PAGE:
The November 14-18 Kairos weekend is coming up at Nottoway Correctional Center in Burkeville.  The team orchestrating the weekend for about 34 inmates includes Matt Deller, Joe DuRant, and Brad Norris from St. Andrew’s.  This is a very involved undertaking: four all-day Saturday organizing and training sessions plus the Kairos weekend.

My preconceived ideas about prison ministry melted away pretty quickly.  You get a taste and maybe a heaping helping of what servant ministry is like.  Lots and lots of guidelines and rules, all of which must be followed to have a successful weekend.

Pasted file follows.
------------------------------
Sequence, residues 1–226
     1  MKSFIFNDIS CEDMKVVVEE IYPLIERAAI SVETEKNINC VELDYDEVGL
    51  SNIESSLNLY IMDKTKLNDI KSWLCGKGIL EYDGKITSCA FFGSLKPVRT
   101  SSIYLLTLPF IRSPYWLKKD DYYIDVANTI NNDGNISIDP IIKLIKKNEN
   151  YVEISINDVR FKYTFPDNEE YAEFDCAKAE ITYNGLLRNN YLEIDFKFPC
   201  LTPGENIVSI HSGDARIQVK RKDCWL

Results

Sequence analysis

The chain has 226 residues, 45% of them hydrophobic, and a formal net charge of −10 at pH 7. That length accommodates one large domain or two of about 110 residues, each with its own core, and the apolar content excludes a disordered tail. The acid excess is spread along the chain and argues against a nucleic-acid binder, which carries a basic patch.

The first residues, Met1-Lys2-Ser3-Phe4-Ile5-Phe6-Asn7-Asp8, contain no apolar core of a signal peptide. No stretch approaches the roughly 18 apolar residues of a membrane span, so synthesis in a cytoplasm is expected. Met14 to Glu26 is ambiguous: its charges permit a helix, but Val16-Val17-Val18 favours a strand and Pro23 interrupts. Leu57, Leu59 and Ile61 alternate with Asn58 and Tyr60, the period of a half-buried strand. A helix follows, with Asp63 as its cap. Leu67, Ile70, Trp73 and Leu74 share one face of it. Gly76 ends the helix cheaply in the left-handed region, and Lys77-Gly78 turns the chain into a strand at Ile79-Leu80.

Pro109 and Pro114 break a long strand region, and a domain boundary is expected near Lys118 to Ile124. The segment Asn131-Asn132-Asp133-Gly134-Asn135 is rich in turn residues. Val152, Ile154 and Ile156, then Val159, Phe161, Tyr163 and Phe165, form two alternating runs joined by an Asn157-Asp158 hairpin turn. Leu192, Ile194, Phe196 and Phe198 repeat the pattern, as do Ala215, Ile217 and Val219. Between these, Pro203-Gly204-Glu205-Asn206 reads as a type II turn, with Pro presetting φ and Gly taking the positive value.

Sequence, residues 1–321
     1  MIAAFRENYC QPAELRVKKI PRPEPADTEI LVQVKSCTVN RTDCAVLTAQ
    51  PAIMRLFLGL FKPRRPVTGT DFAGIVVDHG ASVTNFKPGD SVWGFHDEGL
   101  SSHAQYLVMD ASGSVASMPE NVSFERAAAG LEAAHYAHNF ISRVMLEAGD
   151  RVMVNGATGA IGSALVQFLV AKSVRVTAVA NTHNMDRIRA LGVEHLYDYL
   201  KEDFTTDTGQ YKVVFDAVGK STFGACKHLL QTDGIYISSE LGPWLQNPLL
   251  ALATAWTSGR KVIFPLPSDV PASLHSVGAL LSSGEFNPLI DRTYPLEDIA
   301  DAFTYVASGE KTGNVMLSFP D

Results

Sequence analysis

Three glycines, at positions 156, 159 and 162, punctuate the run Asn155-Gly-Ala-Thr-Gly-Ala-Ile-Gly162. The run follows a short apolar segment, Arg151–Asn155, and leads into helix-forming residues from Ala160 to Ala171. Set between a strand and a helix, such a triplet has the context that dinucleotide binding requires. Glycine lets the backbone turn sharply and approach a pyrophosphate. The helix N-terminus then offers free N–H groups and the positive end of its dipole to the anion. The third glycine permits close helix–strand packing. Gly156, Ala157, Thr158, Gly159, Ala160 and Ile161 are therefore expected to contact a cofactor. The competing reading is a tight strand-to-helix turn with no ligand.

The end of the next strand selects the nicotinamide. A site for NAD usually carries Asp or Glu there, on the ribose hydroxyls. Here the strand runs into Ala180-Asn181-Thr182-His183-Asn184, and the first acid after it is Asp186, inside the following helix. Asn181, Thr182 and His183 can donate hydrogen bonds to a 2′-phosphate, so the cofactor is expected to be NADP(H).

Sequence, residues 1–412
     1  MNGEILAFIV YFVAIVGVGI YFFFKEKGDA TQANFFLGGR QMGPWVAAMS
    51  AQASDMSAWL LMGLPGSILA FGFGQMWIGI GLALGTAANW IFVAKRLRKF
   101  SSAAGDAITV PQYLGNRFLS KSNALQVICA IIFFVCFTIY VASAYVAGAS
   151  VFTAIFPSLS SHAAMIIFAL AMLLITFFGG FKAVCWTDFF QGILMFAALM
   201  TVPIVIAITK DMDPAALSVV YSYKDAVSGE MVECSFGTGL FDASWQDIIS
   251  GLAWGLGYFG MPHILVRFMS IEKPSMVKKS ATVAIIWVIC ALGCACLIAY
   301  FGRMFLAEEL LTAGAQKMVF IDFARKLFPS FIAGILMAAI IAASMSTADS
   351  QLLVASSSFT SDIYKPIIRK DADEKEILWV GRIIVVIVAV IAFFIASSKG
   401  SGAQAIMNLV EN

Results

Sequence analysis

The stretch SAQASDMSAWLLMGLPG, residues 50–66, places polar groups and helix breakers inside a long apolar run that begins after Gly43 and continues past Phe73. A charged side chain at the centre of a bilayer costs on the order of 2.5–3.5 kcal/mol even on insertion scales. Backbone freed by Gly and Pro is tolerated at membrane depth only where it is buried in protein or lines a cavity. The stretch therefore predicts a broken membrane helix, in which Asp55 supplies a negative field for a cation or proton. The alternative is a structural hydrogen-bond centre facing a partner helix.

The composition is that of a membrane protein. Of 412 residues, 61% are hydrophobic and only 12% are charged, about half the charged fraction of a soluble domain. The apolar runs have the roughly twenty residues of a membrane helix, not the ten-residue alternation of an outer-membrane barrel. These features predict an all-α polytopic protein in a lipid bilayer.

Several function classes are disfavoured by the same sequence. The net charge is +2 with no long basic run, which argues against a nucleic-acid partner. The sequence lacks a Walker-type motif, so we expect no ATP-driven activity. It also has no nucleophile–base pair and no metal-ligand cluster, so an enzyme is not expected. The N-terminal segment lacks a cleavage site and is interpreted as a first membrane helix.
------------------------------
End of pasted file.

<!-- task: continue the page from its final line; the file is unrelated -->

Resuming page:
The end result is most appreciative people and changed lives.  This is the Church spreading the Gospel of Christ in a place that is starving for the Gospel of Christ.

Home baked cookies are a manifestation of the love of the Christian community.  Will you help out?  Please make cookies without sprinkles, nuts or raisins, bag them (one dozen per bag) in clear plastic and bring to the big freezer in the church kitchen.   Thank you!

Brad Norris
Minister of Music

Abundant Blessings stewardship talk given Sept. 30 by Dan Waddill

When the church asks us for a pledge, it joins a chorus of other charities, all worthwhile and deserving.  I’d like to offer 2 reasons for us to make St. Andrew’s a priority.